Sopris Sun Staff Writer
For a short time several years ago Carbondale had licensed 13 businesses to grow, prepare and sell legal medical marijuana in town, under a voter-approved medical-marijuana law passed as a state constitutional amendment in 2000.
Under the 2000 law, patients as young as 18 were eligible for doctor-approved prescriptions to buy marijuana for treatment of a number of ailments.
But the number of actual, open medical-marijuana businesses never was that high, said Town Clerk Cathy Derby, who explained that some hopeful applicants got their licenses to open shops but never did.
In 2012, the state’s voters added “recreational” marijuana to the mix, approving a second constitutional amendment that established rules for growing, manufacturing, selling and testing marijuana products intended for consumption by adults over the age of 21 years, with no medical application involved, and the Green Rush, as it had been known, was revived.
Today, after 15 years of rapidly changing state and local laws, there now is only one licensed medical marijuana business operating in Carbondale — Rocky Mountain High at 615 Buggy Circle, which also operates a retail shop.
There currently are five “retail” or recreational stores, the maximum number permitted under the town’s regulations — Dr.’s Garden at 580 Main St., ACME at 958 Highway 133, Sweet Leaf Pioneer at 1101 Village Road, Rocky Mountain High (same address as medical), and S.P. Carbondale Retail at 259 Main St., although the S.P. Shop is not yet open for business, according to the town’s records.
In addition, there are:
• Three cultivation facilities, known as “grows,” for the retail trade;
• One “grow” for medical marijuana sales;
• Two businesses manufacturing marijuana-infused products or MIPs for the retail market;
• One medical-oriented MIP business;
• And one testing facility.
That makes for a total of roughly 14 businesses that are licensed, though the fact that some are legally linked together with specific shops means that the number of independent businesses is somewhat lower.
Currently under review are applications for a third retail-product MIP, and a second medicinal-product MIP, both of which are scheduled for hearings before the town board of trustees on July 15.
And one business that started out selling medical product and later switched to retail sales, Doctor’s Garden, is soon to revive its medical-marijuana business, according to local resident James Leonard, owner of Doctor’s Garden.
Leonard, whose store was the first in the Roaring Fork Valley to sell cannabis products under the “retail” regulations, gave up on the medical-marijuana side last year, largely because of the difficulties encountered in keeping abreast of state regulations governing medical marijuana while at the same time running the retail side of the business.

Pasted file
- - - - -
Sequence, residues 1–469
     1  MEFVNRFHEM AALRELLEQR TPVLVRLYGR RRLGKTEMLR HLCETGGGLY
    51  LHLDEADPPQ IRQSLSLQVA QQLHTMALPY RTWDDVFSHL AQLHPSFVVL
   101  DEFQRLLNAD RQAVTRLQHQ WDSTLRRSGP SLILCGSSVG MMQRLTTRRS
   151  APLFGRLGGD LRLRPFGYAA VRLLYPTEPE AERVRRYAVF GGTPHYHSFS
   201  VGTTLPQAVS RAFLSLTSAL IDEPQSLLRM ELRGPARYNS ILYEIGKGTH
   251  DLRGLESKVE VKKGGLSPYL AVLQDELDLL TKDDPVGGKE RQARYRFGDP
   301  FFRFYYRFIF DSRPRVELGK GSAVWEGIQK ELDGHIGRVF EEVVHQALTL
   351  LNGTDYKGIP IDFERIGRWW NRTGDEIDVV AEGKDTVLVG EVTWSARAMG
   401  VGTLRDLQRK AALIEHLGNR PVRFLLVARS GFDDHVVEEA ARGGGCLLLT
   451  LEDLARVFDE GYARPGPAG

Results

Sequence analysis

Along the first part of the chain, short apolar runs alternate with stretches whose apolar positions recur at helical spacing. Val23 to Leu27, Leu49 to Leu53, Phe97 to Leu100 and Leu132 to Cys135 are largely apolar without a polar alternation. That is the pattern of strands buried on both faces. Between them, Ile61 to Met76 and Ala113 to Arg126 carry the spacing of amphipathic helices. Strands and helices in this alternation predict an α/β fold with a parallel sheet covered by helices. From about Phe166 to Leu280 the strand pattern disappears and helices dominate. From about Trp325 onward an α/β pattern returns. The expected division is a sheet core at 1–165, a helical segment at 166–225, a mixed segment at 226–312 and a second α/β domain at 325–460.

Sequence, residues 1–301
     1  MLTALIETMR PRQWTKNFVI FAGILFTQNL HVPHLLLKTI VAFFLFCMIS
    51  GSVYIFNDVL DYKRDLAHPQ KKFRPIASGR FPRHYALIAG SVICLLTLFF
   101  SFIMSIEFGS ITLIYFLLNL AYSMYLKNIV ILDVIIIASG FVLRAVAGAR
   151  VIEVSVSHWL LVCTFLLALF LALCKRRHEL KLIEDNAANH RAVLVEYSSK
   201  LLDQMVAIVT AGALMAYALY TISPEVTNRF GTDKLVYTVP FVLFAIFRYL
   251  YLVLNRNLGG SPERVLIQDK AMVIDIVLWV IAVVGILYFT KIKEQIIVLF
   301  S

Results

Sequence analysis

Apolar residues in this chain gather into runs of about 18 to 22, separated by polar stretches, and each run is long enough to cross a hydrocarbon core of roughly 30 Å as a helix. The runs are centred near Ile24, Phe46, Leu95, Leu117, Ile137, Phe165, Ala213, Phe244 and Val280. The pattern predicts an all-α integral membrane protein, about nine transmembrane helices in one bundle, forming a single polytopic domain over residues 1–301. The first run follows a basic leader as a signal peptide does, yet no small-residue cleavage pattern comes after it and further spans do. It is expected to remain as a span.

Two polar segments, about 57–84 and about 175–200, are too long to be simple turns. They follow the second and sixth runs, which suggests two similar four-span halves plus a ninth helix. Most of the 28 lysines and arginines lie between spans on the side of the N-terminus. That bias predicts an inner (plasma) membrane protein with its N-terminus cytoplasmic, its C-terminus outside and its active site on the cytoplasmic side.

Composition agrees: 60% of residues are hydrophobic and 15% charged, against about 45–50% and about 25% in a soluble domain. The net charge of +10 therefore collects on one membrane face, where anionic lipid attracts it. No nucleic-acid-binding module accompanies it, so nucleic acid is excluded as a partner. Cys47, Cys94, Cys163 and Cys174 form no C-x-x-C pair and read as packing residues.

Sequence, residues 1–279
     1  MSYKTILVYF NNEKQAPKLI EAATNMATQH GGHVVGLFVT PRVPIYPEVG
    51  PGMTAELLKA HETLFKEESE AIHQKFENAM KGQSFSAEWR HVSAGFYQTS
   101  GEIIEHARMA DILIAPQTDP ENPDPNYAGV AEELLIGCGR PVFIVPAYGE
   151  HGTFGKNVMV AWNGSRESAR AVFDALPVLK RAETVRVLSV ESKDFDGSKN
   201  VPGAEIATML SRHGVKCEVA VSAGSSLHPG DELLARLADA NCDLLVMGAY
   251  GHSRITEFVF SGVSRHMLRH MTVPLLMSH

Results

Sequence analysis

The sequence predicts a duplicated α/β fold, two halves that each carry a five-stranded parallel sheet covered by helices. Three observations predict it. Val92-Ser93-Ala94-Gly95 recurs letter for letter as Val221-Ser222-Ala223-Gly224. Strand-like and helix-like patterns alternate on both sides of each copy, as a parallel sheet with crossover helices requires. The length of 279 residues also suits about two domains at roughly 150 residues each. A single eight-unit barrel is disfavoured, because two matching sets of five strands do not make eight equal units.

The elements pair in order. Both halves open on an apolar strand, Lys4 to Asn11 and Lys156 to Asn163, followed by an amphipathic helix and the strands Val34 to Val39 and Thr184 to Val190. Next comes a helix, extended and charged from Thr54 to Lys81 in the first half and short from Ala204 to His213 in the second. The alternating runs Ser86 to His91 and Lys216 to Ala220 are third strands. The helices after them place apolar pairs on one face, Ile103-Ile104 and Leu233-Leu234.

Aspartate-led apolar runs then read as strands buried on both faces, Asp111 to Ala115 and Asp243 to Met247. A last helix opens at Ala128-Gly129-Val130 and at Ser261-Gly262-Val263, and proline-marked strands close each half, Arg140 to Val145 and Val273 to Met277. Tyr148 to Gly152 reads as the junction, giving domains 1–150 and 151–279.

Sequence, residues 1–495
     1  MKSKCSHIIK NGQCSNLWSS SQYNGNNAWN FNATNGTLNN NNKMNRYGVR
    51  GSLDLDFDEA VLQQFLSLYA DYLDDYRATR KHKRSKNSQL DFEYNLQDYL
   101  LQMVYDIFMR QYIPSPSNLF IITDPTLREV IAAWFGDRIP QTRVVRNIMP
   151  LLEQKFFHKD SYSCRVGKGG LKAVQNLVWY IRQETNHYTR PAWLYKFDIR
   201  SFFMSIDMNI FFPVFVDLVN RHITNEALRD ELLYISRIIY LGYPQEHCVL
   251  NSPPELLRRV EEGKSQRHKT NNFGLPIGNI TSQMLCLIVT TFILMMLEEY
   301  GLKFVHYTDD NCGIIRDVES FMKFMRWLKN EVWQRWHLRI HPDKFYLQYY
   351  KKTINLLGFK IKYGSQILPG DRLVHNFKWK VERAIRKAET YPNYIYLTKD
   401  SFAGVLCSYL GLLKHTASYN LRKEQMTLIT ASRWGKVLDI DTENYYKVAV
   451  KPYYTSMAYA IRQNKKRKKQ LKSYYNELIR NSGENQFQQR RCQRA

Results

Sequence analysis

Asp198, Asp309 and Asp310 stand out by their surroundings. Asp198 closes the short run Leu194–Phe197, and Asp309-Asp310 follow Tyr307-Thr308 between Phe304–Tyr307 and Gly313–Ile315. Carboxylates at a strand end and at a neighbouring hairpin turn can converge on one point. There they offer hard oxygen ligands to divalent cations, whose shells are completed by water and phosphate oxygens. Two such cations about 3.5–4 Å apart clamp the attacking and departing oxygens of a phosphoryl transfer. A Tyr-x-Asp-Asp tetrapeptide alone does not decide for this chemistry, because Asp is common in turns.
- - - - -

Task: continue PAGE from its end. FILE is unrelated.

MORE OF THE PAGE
But with a new, 43,000-square-foot cultivation facility in the Rifle area, part of which is dedicated to producing medical product, he said the temporary abandonment of medical marijuana is about over.
“We’re absolutely planning to make a triumphant return to the medical side,” he declared enthusiastically during a phone interview with The Sopris Sun this week.
Leonard also revealed that, although there were reports earlier this year that he was selling his business to an out-of-state buyer, those reports were inaccurate.
“We had a letter of intent from a group out of California,” Leonard said, but the deal never got off the ground, despite an offer of around $2 million.
“I was kind of curious to see where the market was at” when he was notified of the buyers’ interest, he said, but added, “We had no intention of hawking it, or selling it at all” beyond a brief exchange initiated by the potential buyers group.
In fact, he maintained, he had not even received a formal offer when the news stories broke, which he believes came about through a leak from the buyers “as a way to impress their investors.”
Instead, he said, “We’ve got really big plans,” pointing to the cultivation facility in Rifle and plans for starting an MIP in Carbondale.
“It’s pretty much a dream job,” he said of the business, “and in your home town … .”
Cash problem fixed
One problem faced by all of the industry’s practitioners — how to handle the flow of cash receipts in the face of the fact that pot remains illegal under federal law, which also controls the banking industry — has been solved for now, Leonard said.
His business is able to process transactions using debit cards, which he likened to a cash transaction without the actual cash, thanks to what he described as a liberalization of the attitudes of banks in working with cannabis-related businesses.
“At this point, everyone’s more cooperative with us than they were in the past,” he said of banks. “Where there’s a buck to be made, the banks will figure it out.”
And, he said, he expects that soon the U.S. Congress will approve the removal of marijuana from the Drug Enforcement Administration’s Schedule I of illicit drugs, which puts pot on the same level as heroin and other hard drugs as far as federal laws are concerned.
There have been such bills introduced in congress in the past year, including one introduced by California Democratic Rep. Dana Rohrabacher, that would provide immunity from federal sanctions for all states that passed their own marijuana-legalization laws.
Another bill now before congress would exclude “industrial hemp,” marijuana’s non-intoxicating cousin, from the federal definition of marijuana, effectively opening up hemp production and manufacturing on a nationwide basis.
Published in The Sopris Sun on July 9, 2015.